From Wayne Burstein:
Strut sectioning means cutting out a section of the strut tube and welding it back together. This is done on a lowered car to gain back some bump travel in the suspension. Wayne Burstein wrote up a good description of this for IZCC and its reprinted below with his permission:
Let's start by defining the task at hand. We want to lower the car in order to lower the center of gravity. I'll skip all the analysis on why we want to do this because there are lots of good books on the subject, and confine my comments to what you might run into in performing this on a Z.
First I need to define a couple of terms:
Bump -- suspension travel in the compression direction (i.e. the result of hitting a high spot in the road).
Rebound -- suspension travel in the opposite direction (i.e. the result of going over a hill and the wheels leaving the ground).
The first problem we run into is that when we shorten the springs, we are reducing the available bump travel in the strut cartridges by the same amount we lowered the car. With all the travel available in a stock Z, this is not too much of an issue when we lower the car only an inch or so. For those of us who are racing our cars, we often lower them much more; for instance, in the SCCA's IT class, we are allowed to lower the car until the rockers are no lower than 5" above the ground. This causes a problem because the suspension is almost fully compressed when the
car is sitting at rest. When you hit a bump, the suspension quickly bottoms out (hopefully on a bump stop of resilient material). This is a real problem because in effect, the spring rate increases very dramatically and negates all of our efforts to drive the car smoothly. When driving at or near the limit, this often is the beginning of a very impressive crash.
Well, we now have the car at the desired ride height, but need to increase the travel in bump. The way to do that is to shorten the struts. Now things get pretty messy. Don was correct in stating that this is dependent on the length of the struts; however, this is only partly true. The struts need to be long enough to insert the cartridges of choice. For racing, the ones that I would recommend are Carerra, Koni, or Tokico, in that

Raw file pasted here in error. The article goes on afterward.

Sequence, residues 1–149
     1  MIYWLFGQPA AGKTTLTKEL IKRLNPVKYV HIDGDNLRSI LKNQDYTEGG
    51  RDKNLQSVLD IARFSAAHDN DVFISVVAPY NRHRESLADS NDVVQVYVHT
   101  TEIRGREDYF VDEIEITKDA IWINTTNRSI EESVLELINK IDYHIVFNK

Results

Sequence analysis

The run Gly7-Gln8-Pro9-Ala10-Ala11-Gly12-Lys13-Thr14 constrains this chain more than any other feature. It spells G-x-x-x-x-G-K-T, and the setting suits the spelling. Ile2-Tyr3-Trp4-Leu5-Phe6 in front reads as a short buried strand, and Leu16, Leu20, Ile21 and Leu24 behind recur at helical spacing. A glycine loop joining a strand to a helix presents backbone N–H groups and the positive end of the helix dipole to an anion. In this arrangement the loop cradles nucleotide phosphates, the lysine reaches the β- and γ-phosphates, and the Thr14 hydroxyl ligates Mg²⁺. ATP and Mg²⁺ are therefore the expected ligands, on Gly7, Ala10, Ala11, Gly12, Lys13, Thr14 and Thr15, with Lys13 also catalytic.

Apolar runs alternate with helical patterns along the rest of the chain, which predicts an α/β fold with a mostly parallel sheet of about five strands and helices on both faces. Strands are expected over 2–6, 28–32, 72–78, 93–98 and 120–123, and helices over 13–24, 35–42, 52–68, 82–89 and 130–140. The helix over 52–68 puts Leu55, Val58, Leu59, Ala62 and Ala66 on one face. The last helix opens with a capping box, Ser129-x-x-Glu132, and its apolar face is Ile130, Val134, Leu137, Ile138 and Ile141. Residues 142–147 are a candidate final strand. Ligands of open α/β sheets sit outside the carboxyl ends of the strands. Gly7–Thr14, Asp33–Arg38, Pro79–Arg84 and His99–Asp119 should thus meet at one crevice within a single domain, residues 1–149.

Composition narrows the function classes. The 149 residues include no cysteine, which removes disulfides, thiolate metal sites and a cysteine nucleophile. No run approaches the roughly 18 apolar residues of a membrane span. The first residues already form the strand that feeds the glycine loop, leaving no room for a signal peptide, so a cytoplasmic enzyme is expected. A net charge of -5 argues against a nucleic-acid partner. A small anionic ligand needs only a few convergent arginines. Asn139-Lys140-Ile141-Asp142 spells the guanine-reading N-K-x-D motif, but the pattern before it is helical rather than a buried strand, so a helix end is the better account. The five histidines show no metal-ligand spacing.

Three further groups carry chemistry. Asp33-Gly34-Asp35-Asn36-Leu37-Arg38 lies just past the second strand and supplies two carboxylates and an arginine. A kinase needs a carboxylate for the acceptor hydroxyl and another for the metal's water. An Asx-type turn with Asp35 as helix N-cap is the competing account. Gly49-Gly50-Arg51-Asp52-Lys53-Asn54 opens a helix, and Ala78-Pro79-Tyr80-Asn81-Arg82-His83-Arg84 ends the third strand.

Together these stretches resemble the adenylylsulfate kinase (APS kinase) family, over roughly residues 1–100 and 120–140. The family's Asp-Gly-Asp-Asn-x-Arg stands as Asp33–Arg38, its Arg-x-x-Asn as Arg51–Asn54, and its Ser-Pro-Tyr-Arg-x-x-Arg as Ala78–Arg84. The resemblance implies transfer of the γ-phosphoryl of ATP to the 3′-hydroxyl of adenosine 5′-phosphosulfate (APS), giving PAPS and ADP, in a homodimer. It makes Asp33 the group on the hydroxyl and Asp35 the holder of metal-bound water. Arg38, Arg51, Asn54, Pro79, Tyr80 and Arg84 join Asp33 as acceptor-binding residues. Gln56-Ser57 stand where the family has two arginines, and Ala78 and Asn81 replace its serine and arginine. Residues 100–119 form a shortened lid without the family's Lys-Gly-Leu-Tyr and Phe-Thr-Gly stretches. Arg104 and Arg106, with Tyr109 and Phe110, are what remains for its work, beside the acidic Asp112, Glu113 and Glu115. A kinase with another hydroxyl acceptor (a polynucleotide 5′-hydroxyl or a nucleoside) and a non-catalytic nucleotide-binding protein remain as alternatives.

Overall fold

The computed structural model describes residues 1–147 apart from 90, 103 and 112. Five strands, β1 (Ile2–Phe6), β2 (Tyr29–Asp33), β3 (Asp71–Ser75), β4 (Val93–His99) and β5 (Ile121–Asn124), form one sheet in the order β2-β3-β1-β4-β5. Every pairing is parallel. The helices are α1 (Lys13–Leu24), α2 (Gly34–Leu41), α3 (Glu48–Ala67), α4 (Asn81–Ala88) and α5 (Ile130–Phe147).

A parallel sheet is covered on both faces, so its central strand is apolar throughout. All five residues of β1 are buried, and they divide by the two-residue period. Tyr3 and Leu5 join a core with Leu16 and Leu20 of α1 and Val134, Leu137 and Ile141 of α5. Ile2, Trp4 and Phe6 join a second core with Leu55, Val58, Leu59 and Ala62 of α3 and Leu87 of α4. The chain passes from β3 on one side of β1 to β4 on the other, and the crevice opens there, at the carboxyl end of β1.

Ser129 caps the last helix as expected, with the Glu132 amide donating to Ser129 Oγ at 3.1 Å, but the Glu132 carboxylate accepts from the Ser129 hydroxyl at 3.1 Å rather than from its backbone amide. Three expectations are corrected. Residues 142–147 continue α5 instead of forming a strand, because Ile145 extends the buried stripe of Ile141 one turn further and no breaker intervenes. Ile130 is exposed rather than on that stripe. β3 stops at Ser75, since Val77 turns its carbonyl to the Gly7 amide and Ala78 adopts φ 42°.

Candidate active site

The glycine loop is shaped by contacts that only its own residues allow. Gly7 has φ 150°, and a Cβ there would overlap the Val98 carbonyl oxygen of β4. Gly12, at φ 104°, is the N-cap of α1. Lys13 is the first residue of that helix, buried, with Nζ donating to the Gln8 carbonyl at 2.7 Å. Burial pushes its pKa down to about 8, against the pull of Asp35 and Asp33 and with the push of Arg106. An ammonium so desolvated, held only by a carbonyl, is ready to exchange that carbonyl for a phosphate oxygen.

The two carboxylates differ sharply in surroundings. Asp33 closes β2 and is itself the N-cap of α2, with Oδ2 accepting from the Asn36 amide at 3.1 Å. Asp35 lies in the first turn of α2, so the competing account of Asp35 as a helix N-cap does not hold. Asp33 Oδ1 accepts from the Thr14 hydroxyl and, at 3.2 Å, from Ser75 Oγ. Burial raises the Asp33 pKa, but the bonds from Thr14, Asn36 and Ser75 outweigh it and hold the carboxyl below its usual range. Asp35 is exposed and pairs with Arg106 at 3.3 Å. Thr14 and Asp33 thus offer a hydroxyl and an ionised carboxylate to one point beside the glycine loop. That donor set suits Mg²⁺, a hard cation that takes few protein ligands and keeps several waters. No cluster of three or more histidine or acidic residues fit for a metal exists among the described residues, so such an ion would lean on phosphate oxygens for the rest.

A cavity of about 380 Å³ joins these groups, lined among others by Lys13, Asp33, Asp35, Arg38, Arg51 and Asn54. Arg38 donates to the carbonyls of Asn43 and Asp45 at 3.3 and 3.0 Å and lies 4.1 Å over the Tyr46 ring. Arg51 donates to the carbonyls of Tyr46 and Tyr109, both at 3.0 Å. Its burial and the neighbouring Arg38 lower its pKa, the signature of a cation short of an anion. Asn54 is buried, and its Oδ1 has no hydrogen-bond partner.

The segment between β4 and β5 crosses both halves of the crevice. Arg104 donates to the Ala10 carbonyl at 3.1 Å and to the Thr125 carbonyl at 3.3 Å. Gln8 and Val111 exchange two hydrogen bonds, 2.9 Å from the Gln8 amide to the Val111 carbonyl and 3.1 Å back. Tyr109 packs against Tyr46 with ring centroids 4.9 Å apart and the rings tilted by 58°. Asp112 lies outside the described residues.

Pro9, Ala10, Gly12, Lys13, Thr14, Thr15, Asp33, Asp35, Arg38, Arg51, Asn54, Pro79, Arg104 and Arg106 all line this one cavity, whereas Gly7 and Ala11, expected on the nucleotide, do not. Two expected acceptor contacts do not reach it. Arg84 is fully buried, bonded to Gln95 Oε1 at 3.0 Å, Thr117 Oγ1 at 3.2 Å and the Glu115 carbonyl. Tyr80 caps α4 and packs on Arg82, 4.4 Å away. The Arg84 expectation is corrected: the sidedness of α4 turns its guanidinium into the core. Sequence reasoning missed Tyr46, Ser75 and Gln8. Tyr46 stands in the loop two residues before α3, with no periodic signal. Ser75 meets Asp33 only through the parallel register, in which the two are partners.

order ( this should cause a bit of discussion on its own). If we automatically shorten the strut to exactly fit the cartridge, we might actually shorten it too much. This leaves us without adequate rebound travel. Just in case this does not scare you, it should. I learned my lesson the hard way when
I had the rear wheels pick off the ground while cresting a hill that had a slight turn to it. That made for a looooong full lock slide at 100 MPH!
Ok, now we need to decide just how much we want to shorten the strut housing. The desired end result is to have about equal bump and rebound travel. In other words, when the car is sitting at rest, we want the struts half way compressed. On a street car, this is fairly easy to do, because we generally set the car up once and never play with it. Race cars are another situation entirely. First of all, different tires require different ride
heights -- for instance, switching from 60 series to 50 series tires lowered my car by .75", causing me to have to raise the car by the same amount. We also play with spring rates, and assuming that we are using coil overs, need to keep the spring collar low enough on the strut housing to avoid it interfering with suspension travel. The bottom line is that before cutting anything off your struts, you should carefully think about what you
anticipate doing to the car over the next few years as far as tire/wheel, strut, spring or ride height changes, and then come up with a compromise that works for you.
FWIW, most people shorten struts 1-2". If you figure out that you want to go more than this, recheck everything before cutting. Yes, you can add a section, but speaking from experience, it is much easier to remove than to add. I almost forgot to mention this, but if your strut housing is longer
than the cartridge, you need to put a spacer below the cartridge inside the housing -- typically, these are just pieces of tubing that is slightly smaller in diameter than the inside dimension of the housing.
Just a couple of tips to consider:
1) The best way I have figured out to cut the struts is to use a large pipe cutter. This gives a fairly straight cut with minimal cleanup -- you need to grind the burr off the inside of the housing and bevel the outside edge before welding them together. Be careful not to make the cut
so high on the strut that you hit the threads for the gland nut!
2) To remove the original spring perch, the quickest way I have found is to cut through it just above the housing with a grinder or cut-off tool, and then grind the remaining metal off. I found it much easier to do this before cutting the strut because even though I was not cutting the section with the perch off, it did interfere with the cutter.
3) After lowering the car, you need to align the suspension because you have added negative camber at both the front and rear wheels. Of course, you should probably do this any time you remove suspension components anyway.
WDCR SCCA ITS #10